To Be Alone” has this great slow build up where the beat pluses and throbs while Havok softly sings. The track comes alive as things get more intense with eerie ambient noises sounding like other worldly moaning. Again, like other songs here it does sound like one of their previous tracks, but it still grabs your attention. “Material” is more of a forgettable song. The music and style is actually reminiscent of New Order’s “Blue Monday” and it’s not the first time their influence pops up on the record. It’s not a bad song, it’ll still get you moving. It’s just buried underneath the stronger tracks.

For some reason Blaqk Audio like having one super upbeat, poppy dance song on their albums and unfortunately, here is no different. Don’t be fooled by the name, “Graphic Violence” is the complete opposite of its brutal sounding title. The whole thing is really bright and sickeningly sugary sweet. It sounds like something that would play on a teen show on Nickelodeon. You picture pink splashes and lots of hearts when you hear it. It is slightly catchy, so it has potential to grow on you, but it sticks out on the album and doesn’t warrant itself for repeated listens.

The album hits a low point towards the end with generic sounding tracks “You Will Hate Me” and “Ceremonial.” On both songs, the mood shifts to upbeat dance music better suited for a Rihanna song. Rather than being stark, dark, and heavy hitting, the music is everything you currently hear on pop radio. Though they can be catchy at times, both of the songs are pretty bland and are filler more than anything. Luckily, the closing track “Anointed” ends the album on a high note. Though it doesn’t stray too far from what we’ve already heard on the album, it does add dirty guitars giving it more of a rock edge than the other tracks. There’s also an air of mystery and sensuality that makes it appealing. It manages to be another stand out track on the record.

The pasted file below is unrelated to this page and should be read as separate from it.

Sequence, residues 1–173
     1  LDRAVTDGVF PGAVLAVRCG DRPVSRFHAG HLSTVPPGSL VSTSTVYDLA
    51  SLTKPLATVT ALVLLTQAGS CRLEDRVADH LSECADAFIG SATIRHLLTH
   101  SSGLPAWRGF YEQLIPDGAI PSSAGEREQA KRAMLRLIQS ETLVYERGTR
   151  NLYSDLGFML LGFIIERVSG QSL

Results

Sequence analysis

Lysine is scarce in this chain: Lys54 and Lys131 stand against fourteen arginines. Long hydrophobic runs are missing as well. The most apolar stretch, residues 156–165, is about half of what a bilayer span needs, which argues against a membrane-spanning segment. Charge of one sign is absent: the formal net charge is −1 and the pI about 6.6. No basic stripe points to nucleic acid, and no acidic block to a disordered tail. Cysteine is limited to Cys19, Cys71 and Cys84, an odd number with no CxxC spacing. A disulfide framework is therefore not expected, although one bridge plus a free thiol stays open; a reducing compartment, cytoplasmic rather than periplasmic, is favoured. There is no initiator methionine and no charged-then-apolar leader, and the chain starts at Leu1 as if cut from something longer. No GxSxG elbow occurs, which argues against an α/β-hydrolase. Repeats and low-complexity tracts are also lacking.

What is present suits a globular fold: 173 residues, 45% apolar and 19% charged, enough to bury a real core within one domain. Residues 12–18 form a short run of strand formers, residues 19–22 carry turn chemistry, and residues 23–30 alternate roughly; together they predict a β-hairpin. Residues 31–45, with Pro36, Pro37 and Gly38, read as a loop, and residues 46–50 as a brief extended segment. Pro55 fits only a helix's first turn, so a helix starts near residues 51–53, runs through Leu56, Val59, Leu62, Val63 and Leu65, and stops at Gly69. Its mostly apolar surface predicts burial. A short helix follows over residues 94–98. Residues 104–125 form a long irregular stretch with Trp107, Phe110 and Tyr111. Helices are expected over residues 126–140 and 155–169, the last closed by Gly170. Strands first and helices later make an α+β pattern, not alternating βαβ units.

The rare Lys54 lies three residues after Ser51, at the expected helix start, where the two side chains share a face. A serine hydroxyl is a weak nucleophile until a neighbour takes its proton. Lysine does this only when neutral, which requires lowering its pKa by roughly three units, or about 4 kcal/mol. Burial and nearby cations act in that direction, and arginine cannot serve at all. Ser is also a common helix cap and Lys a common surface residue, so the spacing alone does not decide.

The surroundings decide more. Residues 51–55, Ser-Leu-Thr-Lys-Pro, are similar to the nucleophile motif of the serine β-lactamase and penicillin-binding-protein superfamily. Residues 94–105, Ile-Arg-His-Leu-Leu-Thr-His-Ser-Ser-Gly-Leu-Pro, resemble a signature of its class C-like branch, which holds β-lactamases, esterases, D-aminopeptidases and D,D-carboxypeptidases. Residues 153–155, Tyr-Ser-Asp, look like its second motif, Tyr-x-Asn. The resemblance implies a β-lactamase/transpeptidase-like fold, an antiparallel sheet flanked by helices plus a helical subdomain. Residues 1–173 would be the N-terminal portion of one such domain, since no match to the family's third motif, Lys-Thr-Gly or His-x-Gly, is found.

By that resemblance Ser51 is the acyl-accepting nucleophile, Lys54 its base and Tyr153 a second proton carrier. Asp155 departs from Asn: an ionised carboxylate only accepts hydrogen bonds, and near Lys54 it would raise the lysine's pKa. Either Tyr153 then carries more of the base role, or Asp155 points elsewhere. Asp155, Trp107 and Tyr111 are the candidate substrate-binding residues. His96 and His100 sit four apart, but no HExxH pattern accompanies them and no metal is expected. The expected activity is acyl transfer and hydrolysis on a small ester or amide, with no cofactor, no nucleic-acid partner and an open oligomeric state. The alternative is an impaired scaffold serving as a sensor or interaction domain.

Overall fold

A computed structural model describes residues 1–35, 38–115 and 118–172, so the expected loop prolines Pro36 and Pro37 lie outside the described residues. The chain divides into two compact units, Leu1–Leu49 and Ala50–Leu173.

With Blaqk Audio Puget and Havok show how versatile they are with music. They easily move out of their comfort zone to play around with something new. The problem is this album, just like their last one, sounds so similar to what they’ve already done. They even address the same themes of love, sex, and loneliness. You don’t expect them to do something so drastic it doesn’t even sound like them. Rather, you’d hope they’d find someway to make the album stand out from their others. Material is still another solid entry in their catalog with more irresistible songs. But since it’s so similar to their other stuff, it may take a few listens for the album to take. Still, it’s great to hear from Blaqk Audio again.

Crash Love – AFI

Release Year: 2009

Rating: 7/10

AFI may have started out as your standard punk rock band, but later in their career they were bold enough to switch up their sound making way for some of their best albums. For their 2009 effort, they changed things again and successfully divided the fan base along with it. The new lighter, more rock oriented sound alienated those who craved the hardcore, aggressive nature of the band. It can be considered the black sheep of their catalog, but is it really that bad?

When I first heard the album I agreed with those who hated the album. Gone were Davey Havok’s intense sneering vocals, the dirty guitar riffs, and the bad ass nature of the songs. There were some elements from their last LP Decemberunderground, but I wasn’t really feeling the lighter sound. Revisiting it now I find there are a handful of strong songs. The opening track “Torch Song” is one of the strongest on the album. It has the dark, Gothic vibe from their previous effort with morbid lines like “I’d tear out my eyes for/you my dear/oh my dear.” It’s also pretty catchy, but some fans my find some similarities to “Endlessly She Said.” Another surprisingly good song is “Too Shy to Scream.” It has this old school swing/rockabilly vibe to it that’s very playful and energetic. It seems a bit out of place at first, but it really grows on you. The chorus is really catchy and the entire thing just sounds like a good time. This is another contender for best song on the LP.